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A Farewell to Arms

Every woman who has loved will understand
A Farewell to Arms
A tale of the World War I love affair, begun in Italy, between American ambulance driver Lt. Frederic Henry and British nurse Catherine Barkley. Eventually separated by Frederic's transfer, tremendous challenges and difficult decisions face each as the war rages on.

Reviews

genplant29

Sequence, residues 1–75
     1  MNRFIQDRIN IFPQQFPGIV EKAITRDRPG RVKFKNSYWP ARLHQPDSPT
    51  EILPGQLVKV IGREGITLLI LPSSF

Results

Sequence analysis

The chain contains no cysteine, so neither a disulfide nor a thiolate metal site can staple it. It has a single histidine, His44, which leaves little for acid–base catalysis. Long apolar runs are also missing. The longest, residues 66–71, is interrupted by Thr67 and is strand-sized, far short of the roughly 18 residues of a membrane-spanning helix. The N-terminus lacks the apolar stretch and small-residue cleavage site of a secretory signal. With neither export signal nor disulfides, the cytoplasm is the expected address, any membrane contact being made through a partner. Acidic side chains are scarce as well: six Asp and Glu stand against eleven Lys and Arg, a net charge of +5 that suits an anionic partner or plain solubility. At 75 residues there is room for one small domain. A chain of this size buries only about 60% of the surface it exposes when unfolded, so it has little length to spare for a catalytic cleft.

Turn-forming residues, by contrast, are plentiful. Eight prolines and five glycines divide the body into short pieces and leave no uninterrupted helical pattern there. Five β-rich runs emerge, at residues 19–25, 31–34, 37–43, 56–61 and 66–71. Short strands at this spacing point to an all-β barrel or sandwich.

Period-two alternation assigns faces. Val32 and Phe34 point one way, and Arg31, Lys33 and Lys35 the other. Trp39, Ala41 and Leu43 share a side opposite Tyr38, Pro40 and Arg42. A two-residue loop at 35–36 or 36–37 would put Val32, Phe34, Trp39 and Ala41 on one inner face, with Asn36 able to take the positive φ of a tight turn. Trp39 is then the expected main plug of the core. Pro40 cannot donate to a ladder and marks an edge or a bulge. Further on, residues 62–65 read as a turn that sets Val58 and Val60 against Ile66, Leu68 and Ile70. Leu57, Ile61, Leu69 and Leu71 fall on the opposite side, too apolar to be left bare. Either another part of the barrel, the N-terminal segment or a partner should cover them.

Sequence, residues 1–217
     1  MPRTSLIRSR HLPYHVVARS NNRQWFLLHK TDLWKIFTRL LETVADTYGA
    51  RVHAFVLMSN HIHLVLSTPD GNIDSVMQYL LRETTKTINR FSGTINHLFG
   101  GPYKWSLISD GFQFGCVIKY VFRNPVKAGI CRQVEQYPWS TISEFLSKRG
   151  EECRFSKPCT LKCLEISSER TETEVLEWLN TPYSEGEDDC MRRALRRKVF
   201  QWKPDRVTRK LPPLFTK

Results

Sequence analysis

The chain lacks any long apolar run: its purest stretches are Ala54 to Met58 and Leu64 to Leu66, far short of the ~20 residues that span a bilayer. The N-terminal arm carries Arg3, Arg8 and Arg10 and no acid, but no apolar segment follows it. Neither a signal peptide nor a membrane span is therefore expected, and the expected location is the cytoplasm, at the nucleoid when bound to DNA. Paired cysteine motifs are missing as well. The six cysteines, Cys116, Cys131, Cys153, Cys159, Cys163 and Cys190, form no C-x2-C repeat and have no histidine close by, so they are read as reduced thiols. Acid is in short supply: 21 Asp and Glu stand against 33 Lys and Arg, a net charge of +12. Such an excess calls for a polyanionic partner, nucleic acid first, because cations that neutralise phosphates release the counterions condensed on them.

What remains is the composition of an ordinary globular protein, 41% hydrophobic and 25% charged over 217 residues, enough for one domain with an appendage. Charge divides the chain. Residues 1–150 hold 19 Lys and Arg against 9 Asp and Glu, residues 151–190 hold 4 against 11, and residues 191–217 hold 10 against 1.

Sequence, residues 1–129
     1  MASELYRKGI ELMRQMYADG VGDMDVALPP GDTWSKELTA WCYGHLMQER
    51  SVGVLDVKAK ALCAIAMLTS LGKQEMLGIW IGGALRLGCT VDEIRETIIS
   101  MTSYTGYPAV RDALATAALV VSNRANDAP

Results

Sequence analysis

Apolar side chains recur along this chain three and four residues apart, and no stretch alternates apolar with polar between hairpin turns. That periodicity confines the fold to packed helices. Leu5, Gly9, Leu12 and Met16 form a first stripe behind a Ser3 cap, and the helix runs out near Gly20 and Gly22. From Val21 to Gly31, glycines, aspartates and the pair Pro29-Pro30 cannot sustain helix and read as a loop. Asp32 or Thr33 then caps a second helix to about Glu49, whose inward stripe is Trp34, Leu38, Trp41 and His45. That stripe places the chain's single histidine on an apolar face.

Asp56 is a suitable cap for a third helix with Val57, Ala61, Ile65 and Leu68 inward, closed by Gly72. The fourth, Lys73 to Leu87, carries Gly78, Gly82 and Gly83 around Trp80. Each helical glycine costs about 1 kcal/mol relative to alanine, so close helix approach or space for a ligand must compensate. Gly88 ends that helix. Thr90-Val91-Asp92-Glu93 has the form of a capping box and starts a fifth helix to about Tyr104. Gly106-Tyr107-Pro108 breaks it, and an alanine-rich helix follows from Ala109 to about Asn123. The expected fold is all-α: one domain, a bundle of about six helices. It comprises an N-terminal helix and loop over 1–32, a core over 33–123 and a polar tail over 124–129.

An Academy Awards Best Picture nominee, this is a very good film that, despite its occasional experimentation and evident striving for greatness, doesn't quite reach the mark it hopes to. Nonetheless, it's unmistakably high quality and remains very watchable, enduringly appealing, and, in places, impressive. The big glaring shortcomings are the experimental moments - which don't work and are distracting - and the fact that Miss Hayes is, much of the time, given over-ripe, unnaturally worded and stagy sounding dialogue to speak - and so much of the time, despite that she does give a fine, clearly talented performance, she does so in stage-performer mode and with "impress them with my craft" line delivery, rather than in the much more subtle and truly naturalistic way that's right for movie acting. I'm not faulting Miss Hayes' performance, instead am opining that she gives a stage star's version of subtle movie acting, rather than a movie actor's version thereof. For some reason, all the stagily worded dialogue was given only to Miss Hayes to speak. Other characters are given infinitely more real and believable sounding dialogue. Perhaps Paramount expressly wanted to capitalize on Miss Hayes' stature and deserved reputation as one of the greatest stage stars of her time, therefore ordered script writers to "pour it on thick" when it came to lines for her to speak. An additional shortcoming of this film, for me, has always been that I never have found Cooper and Hayes to seem like a credible couple; his chemistry with and towards her seems 100% natural and believable, though her interactions with him always feel, to me, like she's performing, rather than it being convincingly real life-like. I don't mean to sound like I'm faulting Miss Hayes, as she was, as we know, tremendously gifted. Her performance in this movie feels, to me, like it would have been spot-on on the stage. Another issue is that Miss Hayes has always struck me as miscast in this, as she seems neither remotely British nor the irresistible beauty that characters express to one another that she is. Very strong points of the movie are the cinematography (winner of the Best Cinematography Oscar), which is superb throughout, particularly throughout the impressive and memorable roughly four minutes exodus to Milan montage; it's outstanding. Too, the sets (nominated for the Best Art Direction Oscar) are marvelous. Also the performances by Cooper, Adolphe Menjou (as Cooper's surgeon best friend Rinaldi), Jack La Rue (as the priest), and Mary Philips (as Catherine's nurse best friend Fergie) are each perfect and wonderful. Definitely make sure that it's the beautiful near pristine KINO release of this film that you watch, and not one of the degraded, too often butchered, public domain releases. On the KINO version (which is 89 minutes in length), the picture and sound is near perfect, and you'll readily be able to fully appreciate the visual glory of this film. This is a movie that, despite my having the stated "issues" with it - and heretofore I failed to also mention its at times shameless ultra-melodrama (the letter-writing scene, or the final scene, anyone?) - I nonetheless always very much enjoy watching it, whenever I periodically do, and am always readily able to appreciate the things about it that are terrific. I consider this a very good film, and appreciate and enjoy it as such. I find myself feeling drawn to watch this again a time or two just about every year - and usually do. FYI: This review is also presented as a post on TMDb's **AFtA** message board, if wishing to commment/discuss.

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